Dealing with Eye Disorders: Nystagmus
Nystagmus is a complex eye disorder that can significantly impact your quality of vision and life. It’s believed that it affects about 1 in every 1000 people. Unlike glaucoma, macular degeneration, and other eye disorders, there isn’t much research on Nystagmus.
Nystagmus, also known as “dancing eye syndrome,” is a sudden, constant, and involuntary eye movement. In most common cases, sufferers’ eyes will dart from side to side. However, in some cases they will also move vertically or in a circular motion.
The physical characteristic of this disorder can create significant social challenges for the patient. At the time, there is no known cure for nystagmus, but there are some treatments that make living with the condition easier.
Causes of Nystagmus
Nystagmus occurs when there is a miscommunication between the brain and the eyes. Our vision relies on our brain’s ability to control our eyes, and our eyes’ ability to transmit images to the brain.
When the part of the brain that regulates eye movement is underdeveloped or disrupted, it can harm the normal function of the eyes and cause nystagmus. Nystagmus can be genetic or chemically induced.
- Hereditary: Caucasians are more likely to develop the disorder. However, there’s no correlation to gender, with the exception of X-linked infantile nystagmus, which is more common in boys ¹.
- Neurological disorders: Oftentimes, dancing eye syndrome arises from brain damage and neurological disorders. It’s not uncommon for people to experience this eye disorder after suffering from a stroke, seizure, or head trauma. This is considered acquired nystagmus.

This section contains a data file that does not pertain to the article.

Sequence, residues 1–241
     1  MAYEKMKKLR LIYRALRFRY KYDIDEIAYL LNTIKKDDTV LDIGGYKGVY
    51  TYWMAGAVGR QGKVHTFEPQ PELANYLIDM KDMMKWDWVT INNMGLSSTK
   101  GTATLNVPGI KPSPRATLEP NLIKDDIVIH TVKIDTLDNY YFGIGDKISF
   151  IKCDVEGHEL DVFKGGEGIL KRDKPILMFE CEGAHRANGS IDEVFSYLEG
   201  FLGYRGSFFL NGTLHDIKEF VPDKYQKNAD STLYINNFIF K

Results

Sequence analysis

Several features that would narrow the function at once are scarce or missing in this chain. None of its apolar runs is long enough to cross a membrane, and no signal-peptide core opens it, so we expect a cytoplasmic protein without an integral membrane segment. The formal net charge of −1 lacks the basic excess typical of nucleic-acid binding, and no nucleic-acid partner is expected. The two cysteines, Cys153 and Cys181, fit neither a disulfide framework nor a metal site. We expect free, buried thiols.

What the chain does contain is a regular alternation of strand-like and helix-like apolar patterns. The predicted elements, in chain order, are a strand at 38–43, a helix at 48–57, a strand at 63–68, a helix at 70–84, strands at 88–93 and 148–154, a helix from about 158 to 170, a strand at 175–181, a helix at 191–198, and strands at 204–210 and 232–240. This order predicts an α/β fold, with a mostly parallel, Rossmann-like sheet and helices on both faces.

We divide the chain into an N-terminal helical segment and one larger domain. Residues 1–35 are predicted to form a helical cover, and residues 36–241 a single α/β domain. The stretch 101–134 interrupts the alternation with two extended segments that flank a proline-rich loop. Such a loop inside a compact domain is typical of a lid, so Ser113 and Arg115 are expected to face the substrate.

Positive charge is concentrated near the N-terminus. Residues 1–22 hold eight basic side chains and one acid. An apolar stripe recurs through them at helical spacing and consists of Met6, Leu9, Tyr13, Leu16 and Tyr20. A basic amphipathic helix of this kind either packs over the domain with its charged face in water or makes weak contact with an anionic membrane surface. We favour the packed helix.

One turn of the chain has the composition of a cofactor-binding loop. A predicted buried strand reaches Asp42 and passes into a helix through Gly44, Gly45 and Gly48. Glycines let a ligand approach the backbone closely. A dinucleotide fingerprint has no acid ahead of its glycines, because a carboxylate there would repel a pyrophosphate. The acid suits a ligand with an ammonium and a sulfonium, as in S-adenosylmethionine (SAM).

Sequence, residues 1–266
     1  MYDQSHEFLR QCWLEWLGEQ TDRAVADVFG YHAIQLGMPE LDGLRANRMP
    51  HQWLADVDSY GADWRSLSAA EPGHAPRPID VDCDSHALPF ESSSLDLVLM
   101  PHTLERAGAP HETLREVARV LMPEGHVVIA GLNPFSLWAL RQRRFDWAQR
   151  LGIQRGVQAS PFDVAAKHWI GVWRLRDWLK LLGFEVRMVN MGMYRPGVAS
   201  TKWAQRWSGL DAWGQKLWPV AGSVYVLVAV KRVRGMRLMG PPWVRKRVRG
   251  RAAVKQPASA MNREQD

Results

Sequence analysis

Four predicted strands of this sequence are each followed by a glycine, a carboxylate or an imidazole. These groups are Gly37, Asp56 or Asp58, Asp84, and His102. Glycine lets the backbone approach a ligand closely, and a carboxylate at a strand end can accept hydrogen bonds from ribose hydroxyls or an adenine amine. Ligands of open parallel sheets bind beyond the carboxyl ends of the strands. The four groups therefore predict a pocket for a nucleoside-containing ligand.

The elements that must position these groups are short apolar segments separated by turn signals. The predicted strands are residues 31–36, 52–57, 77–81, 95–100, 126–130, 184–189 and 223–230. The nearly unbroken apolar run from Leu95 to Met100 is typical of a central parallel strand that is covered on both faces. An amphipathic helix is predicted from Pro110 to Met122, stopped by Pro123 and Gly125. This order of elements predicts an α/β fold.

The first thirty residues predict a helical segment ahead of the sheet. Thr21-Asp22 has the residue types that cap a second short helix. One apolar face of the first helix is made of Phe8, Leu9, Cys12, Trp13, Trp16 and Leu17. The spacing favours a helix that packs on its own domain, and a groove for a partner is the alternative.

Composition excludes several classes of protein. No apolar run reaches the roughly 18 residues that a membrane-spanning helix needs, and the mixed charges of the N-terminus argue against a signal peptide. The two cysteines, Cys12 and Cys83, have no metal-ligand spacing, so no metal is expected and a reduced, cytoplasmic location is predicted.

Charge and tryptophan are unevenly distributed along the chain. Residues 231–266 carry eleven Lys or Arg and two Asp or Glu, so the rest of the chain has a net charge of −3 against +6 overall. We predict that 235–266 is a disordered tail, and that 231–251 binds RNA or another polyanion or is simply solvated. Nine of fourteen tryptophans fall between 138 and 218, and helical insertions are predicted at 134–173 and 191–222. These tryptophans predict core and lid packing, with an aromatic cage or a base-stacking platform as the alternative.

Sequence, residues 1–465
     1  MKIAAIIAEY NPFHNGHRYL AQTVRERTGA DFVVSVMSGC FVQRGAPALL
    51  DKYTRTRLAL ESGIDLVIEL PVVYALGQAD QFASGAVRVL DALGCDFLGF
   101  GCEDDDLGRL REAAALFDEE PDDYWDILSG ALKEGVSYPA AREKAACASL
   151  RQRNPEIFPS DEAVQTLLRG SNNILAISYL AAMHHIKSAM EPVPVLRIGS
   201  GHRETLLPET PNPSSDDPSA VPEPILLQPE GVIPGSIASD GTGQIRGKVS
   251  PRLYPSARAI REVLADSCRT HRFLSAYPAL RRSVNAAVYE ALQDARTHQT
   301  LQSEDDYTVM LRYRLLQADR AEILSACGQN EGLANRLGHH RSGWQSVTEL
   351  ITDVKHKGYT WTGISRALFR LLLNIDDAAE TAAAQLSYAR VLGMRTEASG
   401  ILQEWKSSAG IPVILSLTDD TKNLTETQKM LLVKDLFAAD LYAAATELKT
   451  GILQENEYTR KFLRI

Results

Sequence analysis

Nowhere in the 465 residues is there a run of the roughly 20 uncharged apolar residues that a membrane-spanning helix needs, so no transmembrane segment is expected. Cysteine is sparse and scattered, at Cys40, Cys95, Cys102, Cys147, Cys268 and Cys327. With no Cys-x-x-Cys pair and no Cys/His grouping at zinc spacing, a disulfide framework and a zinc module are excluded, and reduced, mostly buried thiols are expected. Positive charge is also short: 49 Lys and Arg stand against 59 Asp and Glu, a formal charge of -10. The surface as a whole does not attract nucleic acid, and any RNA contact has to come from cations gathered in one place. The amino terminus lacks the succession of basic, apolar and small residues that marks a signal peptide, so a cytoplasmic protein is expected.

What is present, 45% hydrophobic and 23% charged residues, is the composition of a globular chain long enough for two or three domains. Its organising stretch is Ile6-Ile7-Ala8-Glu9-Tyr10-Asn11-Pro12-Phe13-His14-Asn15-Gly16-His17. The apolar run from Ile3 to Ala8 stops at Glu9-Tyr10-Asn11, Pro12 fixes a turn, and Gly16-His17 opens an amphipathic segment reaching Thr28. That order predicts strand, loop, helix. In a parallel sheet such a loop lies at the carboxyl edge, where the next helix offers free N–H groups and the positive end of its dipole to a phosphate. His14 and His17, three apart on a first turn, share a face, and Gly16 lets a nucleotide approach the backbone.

- Drugs: Excessive alcohol consumption, drug use, and certain prescription medications are also linked to the development of nystagmus. However, symptoms of the condition usually disappear when substances wear off ². We’ll talk about this more in-depth later.
What is Nystagmus?
There’s a reason congenital nystagmus appears in this cycle. Your visual system develops during the first 3 years of your life. As your brain and eyes are stimulated by your visual field, your visual system becomes more and more complex.
Reduced visual stimulation as a child can cause your visual system to be underdeveloped. Usually, this lack of visual stimulation occurs in children who are born with eye conditions, like glaucoma or cataracts. This leads to the inability to control eye movements, and eventually a diagnosis of nystagmus.
It’s not uncommon for people born with inherited neurological conditions, like Down’s Syndrome, to develop nystagmus.
It is also possible for a child to have nystagmus without any other obvious eye or health problems, and the cause is simply unknown. In this instance, the condition is often referred to as ‘idiopathic nystagmus’.
Acquired nystagmus, also known as sensory or manifest nystagmus, usually occurs later in life. Acquired nystagmus can be the direct result of a number of factors: